In the past week, U.S. crude futures plummeted 8 percent, and that weighed on equities with the energy sector sliding 6 percent. The broader market also got pounded, with the S&P down 3.6 percent to 2,023, its worst weekly performance since Aug. 21.
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Energy analyst John Kilduff of Again Capital said oil could react to the French attacks, particularly if they are linked to ISIS or al-Qaeda. West Texas Intermediate crude oil futures settled Friday afternoon at $ 40.74 per barrel, and analysts expect a retest of the $ 37.75 low set in late August.
“Hostilities have been on the rise, and if this is linked or the (Russian) plane downing is linked to the Syria situation, it’s going to intensify efforts in the region, and we could see some significant oil assets coming into the crosshairs,” said Kilduff.
Strategists have been expecting a brief pullback for stocks, and some expect any downturn to be followed by a Santa rally into the new year. Traders point to some of the technical damage done in the past week, with Apple down more than 7 percent after the stock gapped lower early in the week. The S&P broke through both its 200-day and 100-day moving averages Thursday and Friday.
“A lot of people were expecting the market to finally give up some of the gains it made in its rally, given the widening of credit spreads…. Oil and just about every commodity you can think of has broken down again, if not to new lows to pretty close to lows. That has a relation to what’s going on in high yield because a lot of those companies are commodity producers or suppliers to commodities producers,” said David Bianco, chief U.S. equity strategist at Deutsche Bank.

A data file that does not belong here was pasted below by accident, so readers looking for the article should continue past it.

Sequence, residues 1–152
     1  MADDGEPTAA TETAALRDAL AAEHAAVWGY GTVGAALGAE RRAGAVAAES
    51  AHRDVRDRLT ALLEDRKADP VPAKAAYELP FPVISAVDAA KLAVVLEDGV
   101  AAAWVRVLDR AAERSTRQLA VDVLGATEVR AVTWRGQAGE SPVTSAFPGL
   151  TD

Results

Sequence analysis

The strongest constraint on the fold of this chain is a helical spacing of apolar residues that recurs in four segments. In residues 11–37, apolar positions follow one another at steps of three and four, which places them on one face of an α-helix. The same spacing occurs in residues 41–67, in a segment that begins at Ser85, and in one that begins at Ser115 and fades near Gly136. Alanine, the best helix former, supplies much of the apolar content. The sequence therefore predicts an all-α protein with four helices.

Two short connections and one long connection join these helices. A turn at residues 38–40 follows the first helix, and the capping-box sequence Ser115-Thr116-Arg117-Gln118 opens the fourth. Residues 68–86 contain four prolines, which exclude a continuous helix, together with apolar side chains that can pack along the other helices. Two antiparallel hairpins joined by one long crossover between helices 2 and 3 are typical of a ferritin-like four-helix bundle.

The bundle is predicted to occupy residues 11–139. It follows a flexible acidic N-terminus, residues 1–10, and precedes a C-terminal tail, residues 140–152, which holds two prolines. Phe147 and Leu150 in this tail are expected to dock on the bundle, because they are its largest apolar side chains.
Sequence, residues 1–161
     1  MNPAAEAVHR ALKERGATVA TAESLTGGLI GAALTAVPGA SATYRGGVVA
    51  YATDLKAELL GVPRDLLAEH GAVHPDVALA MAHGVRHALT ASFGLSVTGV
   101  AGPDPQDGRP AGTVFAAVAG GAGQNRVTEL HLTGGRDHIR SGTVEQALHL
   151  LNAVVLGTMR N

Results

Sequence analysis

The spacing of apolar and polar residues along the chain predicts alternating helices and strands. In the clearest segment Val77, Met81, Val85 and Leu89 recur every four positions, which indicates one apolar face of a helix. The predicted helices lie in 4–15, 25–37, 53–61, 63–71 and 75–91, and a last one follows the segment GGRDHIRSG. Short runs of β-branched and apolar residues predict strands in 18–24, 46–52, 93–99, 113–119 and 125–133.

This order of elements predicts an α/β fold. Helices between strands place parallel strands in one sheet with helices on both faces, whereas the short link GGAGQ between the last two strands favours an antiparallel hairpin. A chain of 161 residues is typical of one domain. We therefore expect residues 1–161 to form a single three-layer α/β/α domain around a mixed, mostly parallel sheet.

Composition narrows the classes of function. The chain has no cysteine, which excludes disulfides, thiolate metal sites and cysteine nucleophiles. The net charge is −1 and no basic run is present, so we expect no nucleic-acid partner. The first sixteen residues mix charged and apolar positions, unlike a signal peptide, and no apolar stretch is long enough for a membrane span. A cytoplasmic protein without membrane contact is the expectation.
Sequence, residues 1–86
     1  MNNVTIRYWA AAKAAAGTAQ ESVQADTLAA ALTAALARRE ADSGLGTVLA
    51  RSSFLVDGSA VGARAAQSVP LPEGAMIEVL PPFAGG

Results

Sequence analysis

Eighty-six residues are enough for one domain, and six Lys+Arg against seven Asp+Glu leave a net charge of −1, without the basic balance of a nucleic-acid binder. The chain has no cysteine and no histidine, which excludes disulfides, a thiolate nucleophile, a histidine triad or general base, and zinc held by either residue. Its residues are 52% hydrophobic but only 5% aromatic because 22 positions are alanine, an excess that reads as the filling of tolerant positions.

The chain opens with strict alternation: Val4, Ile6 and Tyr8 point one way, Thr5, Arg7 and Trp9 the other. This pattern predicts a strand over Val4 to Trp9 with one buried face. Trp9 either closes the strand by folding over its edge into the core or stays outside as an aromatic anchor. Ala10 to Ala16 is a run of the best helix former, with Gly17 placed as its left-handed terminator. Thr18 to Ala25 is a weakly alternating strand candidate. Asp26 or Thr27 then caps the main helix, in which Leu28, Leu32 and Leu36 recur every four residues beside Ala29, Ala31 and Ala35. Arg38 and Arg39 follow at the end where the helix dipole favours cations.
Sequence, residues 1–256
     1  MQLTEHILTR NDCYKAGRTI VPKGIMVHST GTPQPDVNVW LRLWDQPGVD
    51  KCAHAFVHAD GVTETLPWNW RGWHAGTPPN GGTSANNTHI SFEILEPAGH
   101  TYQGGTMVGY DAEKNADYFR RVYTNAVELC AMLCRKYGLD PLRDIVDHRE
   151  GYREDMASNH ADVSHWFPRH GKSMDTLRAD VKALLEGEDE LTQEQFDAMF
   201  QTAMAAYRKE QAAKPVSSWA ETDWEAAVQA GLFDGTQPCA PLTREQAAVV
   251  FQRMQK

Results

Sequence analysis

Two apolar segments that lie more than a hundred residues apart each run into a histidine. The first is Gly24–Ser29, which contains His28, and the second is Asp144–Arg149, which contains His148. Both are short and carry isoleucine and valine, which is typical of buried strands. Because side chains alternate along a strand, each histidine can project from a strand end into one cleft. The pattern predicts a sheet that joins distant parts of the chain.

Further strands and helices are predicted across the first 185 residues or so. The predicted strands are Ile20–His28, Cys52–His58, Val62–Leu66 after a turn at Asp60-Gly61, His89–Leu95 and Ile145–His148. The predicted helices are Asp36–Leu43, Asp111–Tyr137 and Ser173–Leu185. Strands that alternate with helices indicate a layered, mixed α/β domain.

Retail will also continue to be a focus in the coming week with earnings from Wal-Mart, Target, Home Depot and Best Buy. Disappointing earnings and forecasts dented stocks in the past week of Macy’s, Nordstrom and others.
“It’s been a disappointing earnings season, especially with the retailers sounding a sour note at the end of the quarter,” said Bianco. “The uplift on nonauto consumer spending on consumer goods has been weak. I think we’re looking at the most competition among retailers outside a recession that we’ve ever seen. A lot of it is for structural reasons, whether they’re competing with the Internet, and you now have several large retailers that have everyday low prices now.”
Weak earnings, high valuations, declining commodities prices, slower Chinese growth and now worry about the consumer, rose to the surface as traders continue to adjust to the idea that the Fed could be about to raise rates at its Dec. 16 meeting.
“There’s a lot of room for the market to move up and down over the next few weeks,” said Daniel Suzuki, Band of America Merrill Lynch equity strategist. “Our base case was to take a more cautious view. We know the uncertainty overhang is still going to be there, and the reality that you’re unlikely to get hard macrodata point to improving growth until December, when we get November data. We know September was weak, and we got the data that confirmed that. October looks to be flattish.”